Presidents of Turkey and Russia vow to establish peace in Syria's Idlib region, increase bilateral trade, and speed S-400 missile delivery, during high-level talks in Moscow.
Turkey's president said on Monday that Turkey and Russia both want to eliminate terrorists from Idlib, a region in northwestern Syria near Turkish borders.
"Ankara will never allow an entity that poses a threat to Turkish and Syrian territorial integrity," President Recep Tayyip Erdogan told a joint news conference with his Russian counterpart Vladimir Putin at Kremlin.
Ankara continues to take measures on Idlib since it is a "sensitive" issue for Turkey, Erdogan said.
He stressed that Idlib must be completely cleared of terrorism for people to return safely to their homes.
Erdogan also said that both countries are determined to eliminate the terror threats near Turkey's borders, adding that the terrorist groups PKK and the YPG – its Syrian branch – pose a threat like Daesh.
In its more than 30-year terror campaign against Turkey, the PKK – listed as a terrorist organisation by Turkey, the US and the EU – has been responsible for the deaths of nearly 40,000 people, including women and children.
Putin, for his part, said that Turkish-Russian efforts in Idlib will finally lead to eliminating the terrorist threat there.
Calling the Idlib problem "pressing," he added that a joint Russian-Turkish monitoring centre will be established.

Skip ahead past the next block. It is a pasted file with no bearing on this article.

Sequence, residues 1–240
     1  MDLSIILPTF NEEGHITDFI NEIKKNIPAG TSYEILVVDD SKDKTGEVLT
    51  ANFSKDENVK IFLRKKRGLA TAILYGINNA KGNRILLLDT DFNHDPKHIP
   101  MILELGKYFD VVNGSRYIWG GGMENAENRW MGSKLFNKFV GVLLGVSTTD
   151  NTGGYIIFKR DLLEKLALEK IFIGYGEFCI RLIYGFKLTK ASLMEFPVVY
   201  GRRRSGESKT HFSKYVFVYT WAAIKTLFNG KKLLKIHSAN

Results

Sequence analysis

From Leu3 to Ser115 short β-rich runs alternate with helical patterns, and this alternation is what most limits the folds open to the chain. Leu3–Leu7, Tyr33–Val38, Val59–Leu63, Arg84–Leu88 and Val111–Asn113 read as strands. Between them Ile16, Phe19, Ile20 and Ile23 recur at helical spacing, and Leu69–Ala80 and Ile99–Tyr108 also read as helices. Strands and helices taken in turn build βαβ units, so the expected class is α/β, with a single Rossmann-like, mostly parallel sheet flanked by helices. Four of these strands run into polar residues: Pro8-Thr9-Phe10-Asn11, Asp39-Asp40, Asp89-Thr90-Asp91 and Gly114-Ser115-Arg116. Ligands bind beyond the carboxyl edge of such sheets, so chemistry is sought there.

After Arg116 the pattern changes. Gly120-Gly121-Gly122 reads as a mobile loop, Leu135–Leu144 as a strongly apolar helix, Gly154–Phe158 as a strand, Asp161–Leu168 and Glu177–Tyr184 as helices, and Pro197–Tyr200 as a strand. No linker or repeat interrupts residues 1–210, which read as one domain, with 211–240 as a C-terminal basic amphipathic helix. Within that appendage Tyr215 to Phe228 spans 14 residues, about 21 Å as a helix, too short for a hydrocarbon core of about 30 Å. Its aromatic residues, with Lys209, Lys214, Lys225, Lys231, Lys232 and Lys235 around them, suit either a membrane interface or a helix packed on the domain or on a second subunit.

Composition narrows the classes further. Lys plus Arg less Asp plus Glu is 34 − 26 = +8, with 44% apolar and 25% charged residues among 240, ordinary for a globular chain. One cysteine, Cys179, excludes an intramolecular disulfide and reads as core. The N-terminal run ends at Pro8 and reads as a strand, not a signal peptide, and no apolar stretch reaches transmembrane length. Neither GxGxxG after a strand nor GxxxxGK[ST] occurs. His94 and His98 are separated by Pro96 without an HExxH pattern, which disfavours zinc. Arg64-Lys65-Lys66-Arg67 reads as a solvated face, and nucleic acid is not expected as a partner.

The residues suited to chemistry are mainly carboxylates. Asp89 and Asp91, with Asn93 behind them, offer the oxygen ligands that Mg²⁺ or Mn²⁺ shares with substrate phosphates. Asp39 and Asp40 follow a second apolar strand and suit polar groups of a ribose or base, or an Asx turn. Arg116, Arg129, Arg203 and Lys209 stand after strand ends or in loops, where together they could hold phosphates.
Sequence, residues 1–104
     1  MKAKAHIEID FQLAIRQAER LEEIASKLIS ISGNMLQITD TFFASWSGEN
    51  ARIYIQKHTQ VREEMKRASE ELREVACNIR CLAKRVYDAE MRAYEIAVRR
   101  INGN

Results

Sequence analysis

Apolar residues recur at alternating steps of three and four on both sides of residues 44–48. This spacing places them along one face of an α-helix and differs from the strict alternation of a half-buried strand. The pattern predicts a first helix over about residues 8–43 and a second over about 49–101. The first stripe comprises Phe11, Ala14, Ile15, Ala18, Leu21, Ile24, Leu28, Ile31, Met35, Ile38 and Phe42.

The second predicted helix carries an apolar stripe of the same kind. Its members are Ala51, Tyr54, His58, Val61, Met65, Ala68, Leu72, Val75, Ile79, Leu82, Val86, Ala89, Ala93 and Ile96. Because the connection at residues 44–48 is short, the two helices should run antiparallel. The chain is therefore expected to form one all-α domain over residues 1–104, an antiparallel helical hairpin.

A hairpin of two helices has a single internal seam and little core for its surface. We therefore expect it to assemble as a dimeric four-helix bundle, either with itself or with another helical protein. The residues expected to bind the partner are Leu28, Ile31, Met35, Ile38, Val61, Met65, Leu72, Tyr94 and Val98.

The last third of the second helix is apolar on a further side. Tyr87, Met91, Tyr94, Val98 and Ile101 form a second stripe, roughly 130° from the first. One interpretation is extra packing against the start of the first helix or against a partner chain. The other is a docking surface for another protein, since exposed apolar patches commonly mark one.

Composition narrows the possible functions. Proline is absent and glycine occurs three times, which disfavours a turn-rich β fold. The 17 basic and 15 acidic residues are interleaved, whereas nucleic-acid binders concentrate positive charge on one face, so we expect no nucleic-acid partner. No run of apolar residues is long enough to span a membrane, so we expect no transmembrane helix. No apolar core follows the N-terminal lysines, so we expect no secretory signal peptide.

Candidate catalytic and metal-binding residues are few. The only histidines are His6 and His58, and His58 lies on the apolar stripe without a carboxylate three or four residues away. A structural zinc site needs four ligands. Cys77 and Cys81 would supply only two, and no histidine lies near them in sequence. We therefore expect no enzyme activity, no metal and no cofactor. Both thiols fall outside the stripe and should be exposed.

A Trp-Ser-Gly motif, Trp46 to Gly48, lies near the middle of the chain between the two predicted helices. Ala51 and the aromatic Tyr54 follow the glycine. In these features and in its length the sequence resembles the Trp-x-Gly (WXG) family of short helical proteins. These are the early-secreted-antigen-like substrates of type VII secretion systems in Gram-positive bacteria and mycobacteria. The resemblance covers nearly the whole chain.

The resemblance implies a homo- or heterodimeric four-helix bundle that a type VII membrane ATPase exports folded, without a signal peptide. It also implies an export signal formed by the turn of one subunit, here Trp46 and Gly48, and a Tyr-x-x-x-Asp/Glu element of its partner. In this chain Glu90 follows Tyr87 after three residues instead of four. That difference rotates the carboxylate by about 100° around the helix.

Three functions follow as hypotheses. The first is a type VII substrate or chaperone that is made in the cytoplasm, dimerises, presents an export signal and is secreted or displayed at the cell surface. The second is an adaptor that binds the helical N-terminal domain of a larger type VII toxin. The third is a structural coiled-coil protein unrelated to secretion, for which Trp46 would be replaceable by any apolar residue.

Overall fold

TRT World's Hasan Abdullah reports from Moscow.
Strong trade ties
Putin praised talks in Moscow as "very successful" and helping to boost the development of Turkish-Russian ties.
He stressed the strengthening of cooperation between the two countries, adding that a Russian-Turkish investment fund created on Monday will be able to attract at least $5 billion in investments.
Putin said that Russia is doing its best to ensure economic independence for both countries, including trading in national currencies with Turkey.
He called Russian-Turkish cooperation in the energy domain "strategic" and promised to complete construction of the Akkuyu nuclear plant by 2023, the centenary of the Turkish Republic.
The TurkStream pipeline, now under construction, will let Turkey become a transit country for delivering Russian natural gas to Europe, he said.
S-400 missile sale
Putin said he discussed with Erdogan the delivery of S-400 missile defence systems and other arms purchases, adding that Russia and Turkey will boost cooperation in arms.
He also said that Russian journalists will come to Turkey for an exchange program, which will contribute to stronger ties.
In another trade boost, Putin said that the visa requirement for Turkish truck drivers will be cancelled in the near future.
"Ankara and Moscow are willing to further enhance relations," said President Erdogan, adding that the next high-level meeting with Russia will be hosted by Turkey.
The two leaders chaired the eighth meeting of the High-Level Cooperation Council following one-on-one talks at Kremlin.